It is not news to say that we are living in uncertain times which during which employers are forced to constantly evaluate the current and future operational needs of their businesses. The Fair Work Commission (FWC) has this week confirmed that the Coronavirus pandemic has seen a substantial rise in unfair dismissal and general protections dismissal applications compared to last year.
In this context, it is imperative the employers remain conscious that decisions about reducing employee hours, changing working patterns, standing employees down and redundancies are made in fair and equitable manner.
What do we mean by fair and equitable decision making?
Chief amongst employer concerns should be that these decisions are free from discrimination because of a person’s race, colour, sex, sexual preference, age, physical or mental disability, marital status, family or carer’s responsibilities, pregnancy, religion, political opinion, national extraction or social origin.
In this context, let’s look at some recent cases involving claims of workplace discrimination and highlights the lessons to be learned from their findings.
Case 1: Religion not an operative reason for sacking labourer
Gibbons v C&M Plant Hire Pty Ltd  FCCA 849 (17 April 2020)
In April this year, the Federal Circuit Court found that, in terminating his employment as a labourer after just seven weeks employment, a company did not take adverse action against the employee because he was a Jehovah’s Witness.
The employee made multiple claims in relation to his employment, including that the company, and its Director, had discriminated against him during the course of his employment in that because of his religious views, his employer taken adverse action by “treating [him] less favourably in comparison to his work colleagues” because of those views.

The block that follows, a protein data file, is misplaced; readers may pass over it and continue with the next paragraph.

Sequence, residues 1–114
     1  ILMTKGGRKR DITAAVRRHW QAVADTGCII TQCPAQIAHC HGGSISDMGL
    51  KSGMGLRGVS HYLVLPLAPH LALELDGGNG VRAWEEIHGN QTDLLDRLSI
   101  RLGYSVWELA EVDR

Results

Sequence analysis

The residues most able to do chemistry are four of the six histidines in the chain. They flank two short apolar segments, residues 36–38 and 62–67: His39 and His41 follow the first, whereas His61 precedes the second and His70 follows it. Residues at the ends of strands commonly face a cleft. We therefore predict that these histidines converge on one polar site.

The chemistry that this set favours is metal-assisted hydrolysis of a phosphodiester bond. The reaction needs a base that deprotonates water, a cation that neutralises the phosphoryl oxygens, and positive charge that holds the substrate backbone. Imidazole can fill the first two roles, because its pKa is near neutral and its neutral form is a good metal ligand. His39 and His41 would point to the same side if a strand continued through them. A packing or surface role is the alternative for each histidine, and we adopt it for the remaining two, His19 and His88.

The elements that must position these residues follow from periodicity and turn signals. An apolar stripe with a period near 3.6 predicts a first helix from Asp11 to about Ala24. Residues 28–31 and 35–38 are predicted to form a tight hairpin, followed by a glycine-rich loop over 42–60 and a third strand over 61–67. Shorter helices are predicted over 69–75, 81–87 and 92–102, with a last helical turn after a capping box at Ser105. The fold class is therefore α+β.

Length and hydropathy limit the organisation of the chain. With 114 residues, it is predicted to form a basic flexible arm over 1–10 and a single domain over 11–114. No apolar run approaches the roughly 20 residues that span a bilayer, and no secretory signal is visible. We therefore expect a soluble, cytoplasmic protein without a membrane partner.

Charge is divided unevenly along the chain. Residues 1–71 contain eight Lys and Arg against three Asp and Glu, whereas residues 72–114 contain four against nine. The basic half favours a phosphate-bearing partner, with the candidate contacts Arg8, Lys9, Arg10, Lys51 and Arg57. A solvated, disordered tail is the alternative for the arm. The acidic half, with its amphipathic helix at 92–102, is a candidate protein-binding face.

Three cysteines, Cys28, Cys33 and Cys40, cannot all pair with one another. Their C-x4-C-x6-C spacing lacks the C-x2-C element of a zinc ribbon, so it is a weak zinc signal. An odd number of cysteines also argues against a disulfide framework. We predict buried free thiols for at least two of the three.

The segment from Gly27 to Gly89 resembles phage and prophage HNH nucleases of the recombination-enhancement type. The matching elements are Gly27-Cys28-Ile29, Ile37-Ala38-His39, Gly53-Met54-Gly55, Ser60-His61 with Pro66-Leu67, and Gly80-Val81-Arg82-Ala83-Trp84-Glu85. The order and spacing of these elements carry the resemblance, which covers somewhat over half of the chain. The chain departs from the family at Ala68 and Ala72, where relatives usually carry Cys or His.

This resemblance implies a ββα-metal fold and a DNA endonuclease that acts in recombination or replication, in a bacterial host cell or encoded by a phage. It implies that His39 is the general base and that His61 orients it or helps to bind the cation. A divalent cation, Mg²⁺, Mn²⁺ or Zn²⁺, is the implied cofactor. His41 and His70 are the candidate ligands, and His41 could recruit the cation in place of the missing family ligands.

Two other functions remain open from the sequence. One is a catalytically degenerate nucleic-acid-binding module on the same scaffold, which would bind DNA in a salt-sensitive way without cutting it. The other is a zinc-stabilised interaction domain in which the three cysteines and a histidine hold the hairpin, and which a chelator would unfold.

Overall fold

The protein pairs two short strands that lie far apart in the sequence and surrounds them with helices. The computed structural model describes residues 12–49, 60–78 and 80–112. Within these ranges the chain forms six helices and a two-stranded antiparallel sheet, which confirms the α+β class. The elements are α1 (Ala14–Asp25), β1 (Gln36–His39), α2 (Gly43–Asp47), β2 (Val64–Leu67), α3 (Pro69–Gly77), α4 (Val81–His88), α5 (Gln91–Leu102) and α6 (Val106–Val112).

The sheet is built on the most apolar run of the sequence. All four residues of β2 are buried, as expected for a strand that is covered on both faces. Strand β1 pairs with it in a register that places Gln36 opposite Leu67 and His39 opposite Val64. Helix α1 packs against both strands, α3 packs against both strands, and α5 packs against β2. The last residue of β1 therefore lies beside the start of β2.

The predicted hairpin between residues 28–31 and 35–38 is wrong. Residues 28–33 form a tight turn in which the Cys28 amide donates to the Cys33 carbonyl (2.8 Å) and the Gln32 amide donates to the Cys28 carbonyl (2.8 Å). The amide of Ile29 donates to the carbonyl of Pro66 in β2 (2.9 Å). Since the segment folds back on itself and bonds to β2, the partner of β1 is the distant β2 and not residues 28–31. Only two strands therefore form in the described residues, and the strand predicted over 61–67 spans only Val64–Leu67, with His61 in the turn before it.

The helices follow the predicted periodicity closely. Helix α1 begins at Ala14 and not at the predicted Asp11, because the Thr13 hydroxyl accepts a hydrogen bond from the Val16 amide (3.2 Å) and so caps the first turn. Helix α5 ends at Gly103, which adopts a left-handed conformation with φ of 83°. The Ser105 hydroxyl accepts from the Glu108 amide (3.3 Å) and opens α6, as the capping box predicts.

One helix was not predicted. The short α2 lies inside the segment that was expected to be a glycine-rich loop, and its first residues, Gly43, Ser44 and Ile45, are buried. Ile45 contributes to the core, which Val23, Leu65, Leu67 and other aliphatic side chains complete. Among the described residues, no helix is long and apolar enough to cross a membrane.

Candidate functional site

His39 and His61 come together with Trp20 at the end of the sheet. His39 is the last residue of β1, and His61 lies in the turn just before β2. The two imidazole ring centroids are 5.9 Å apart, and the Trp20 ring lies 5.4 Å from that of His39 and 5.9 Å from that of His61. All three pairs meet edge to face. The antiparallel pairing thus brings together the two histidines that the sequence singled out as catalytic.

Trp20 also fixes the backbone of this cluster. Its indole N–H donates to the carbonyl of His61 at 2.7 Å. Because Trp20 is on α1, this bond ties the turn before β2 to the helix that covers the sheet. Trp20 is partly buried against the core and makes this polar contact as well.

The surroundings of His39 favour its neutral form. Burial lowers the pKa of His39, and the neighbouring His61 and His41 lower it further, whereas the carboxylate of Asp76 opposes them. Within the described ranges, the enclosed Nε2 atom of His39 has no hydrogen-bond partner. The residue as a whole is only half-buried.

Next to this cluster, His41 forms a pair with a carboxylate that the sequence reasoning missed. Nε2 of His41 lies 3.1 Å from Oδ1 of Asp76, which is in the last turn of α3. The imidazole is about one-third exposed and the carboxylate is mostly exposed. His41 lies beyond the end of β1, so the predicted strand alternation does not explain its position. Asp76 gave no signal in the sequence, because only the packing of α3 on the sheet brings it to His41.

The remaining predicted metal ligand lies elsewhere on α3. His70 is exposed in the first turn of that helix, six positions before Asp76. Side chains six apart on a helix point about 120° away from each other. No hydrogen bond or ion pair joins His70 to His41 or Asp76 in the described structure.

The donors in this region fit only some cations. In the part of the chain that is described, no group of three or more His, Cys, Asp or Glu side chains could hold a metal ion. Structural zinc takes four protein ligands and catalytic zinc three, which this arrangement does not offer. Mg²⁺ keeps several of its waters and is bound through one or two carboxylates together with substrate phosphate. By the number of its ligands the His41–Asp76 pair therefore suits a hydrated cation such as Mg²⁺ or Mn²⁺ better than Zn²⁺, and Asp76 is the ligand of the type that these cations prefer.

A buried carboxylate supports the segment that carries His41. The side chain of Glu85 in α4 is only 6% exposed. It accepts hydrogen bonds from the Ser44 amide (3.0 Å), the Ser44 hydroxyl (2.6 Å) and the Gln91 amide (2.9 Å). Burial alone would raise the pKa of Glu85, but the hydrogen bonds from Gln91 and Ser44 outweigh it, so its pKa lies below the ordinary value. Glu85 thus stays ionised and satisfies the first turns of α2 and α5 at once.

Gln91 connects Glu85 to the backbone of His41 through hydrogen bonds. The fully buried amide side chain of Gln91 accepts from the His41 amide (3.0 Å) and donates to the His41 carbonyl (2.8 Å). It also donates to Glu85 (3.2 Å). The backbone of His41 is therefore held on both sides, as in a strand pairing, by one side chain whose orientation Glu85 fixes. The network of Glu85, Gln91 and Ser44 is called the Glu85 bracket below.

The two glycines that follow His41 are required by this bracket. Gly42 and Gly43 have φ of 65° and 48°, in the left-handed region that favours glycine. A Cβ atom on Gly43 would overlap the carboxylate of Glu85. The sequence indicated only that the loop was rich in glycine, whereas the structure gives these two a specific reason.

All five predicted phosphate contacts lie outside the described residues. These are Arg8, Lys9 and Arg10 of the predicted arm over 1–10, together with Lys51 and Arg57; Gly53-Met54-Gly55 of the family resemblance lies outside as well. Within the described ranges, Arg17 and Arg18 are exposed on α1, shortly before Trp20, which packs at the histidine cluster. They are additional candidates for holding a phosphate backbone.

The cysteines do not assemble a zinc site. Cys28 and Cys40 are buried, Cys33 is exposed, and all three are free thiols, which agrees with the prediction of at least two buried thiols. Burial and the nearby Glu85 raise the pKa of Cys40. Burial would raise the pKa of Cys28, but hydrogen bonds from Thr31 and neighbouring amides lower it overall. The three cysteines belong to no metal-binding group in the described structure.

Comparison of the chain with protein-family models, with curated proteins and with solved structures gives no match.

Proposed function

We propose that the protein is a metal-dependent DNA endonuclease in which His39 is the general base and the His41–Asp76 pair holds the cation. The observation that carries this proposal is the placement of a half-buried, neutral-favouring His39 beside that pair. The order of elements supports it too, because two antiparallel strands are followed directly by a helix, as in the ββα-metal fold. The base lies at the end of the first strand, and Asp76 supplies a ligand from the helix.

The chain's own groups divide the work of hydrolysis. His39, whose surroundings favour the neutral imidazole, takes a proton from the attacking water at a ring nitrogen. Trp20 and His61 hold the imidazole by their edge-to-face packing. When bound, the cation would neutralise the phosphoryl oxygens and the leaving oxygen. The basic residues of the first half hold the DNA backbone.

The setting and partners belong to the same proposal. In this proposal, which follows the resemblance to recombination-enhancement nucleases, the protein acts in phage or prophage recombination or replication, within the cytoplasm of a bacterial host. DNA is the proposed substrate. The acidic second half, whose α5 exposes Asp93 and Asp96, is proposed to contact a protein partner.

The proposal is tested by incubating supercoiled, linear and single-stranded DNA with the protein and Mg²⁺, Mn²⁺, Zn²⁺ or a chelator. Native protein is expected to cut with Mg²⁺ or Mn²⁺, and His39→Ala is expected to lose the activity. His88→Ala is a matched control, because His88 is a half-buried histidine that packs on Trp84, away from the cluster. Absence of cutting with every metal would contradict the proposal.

The employee claimed that he had been subjected to a series of invasive questions by a fellow employee concerning his religion including questions such as: “what would you do it I stabbed you with a knife, would God save you?” And “what is wrong with you…why don’t you just go to a nightclub and see strippers?”.
He alleged that this series of questions were meant to demean, shock and distress or hurt and humiliate him. He alleged that he complained about this bullying and harassing behaviour to his manager and those concerns were, essentially, dismissed.
The Court did not accept that the employee made complaints to his manager of discrimination by his fellow employee. Further, the Court accepted that, if such complaints had been made, the employer had established that it had a practice to convene a meeting between the two employees to resolve the issues. There was no evidence of that having occurred. There was no evidence either, that the employer was otherwise made aware of the complaints (such as weekly staff meetings).
In dismissing his claim that he was treated differently from other employees by reason of his particular religious beliefs, the Court found that, in fact, the employee “did not endear himself to his fellow workers…[and he was dismissed] because of his lack of willingness to either follow instructions, or perform work in a competent and safe way. [His] poor work performance, lack of attention to detail and unpreparedness to follow instructions meant that others had to work harder to get jobs done.”
1.Be clear about the real and operative reasons for dismissal
It appears that the applicant in this case, was not an impressive or credible witness and that his evidence was almost wholly rejected by the Court. The case, however, stands as a reminder that it is imperative to make clear, both in your own mind and, ultimately with the employee, about the real and operative reasons for taking decisions about their employment.
2. Maintain a real time paper trail
It appears that in this case, the employer was able to gather and provide the Court with credible oral evidence that verbal feedback about the employee’s performance had been provided to him during his employment. It is best practice, however, to document in writing, in real time, conduct and performance issues and the action taken in response to that poor performance.
Case 2: Age discrimination during the hiring process
ABCC v CoreStaff WA Pty Ltd  FCA 893 (26 June 2020)
In June, a Western Australian labour hire company, CoreStaff WA, was found to have discriminated against a worker when it refused to hire the qualified 70-year-old grader because of his age.
In October 2018, a HR advisor from the contractor, Gumala emailed the labour hire company, CoreStaff, providing feedback on the grader, noting “we had his details already, he applied directly with us. He has all the tickets we are looking for, however, [his] age is a concern – 70 years old”.
The CoreStaff Area Manager replied “Wow didn’t know that however I would have found out eventually…yes will certainly keep looking.” Later that day, he then emailed the worker, stating, “Sorry…no joy with the role at Gumala due to your age mate.”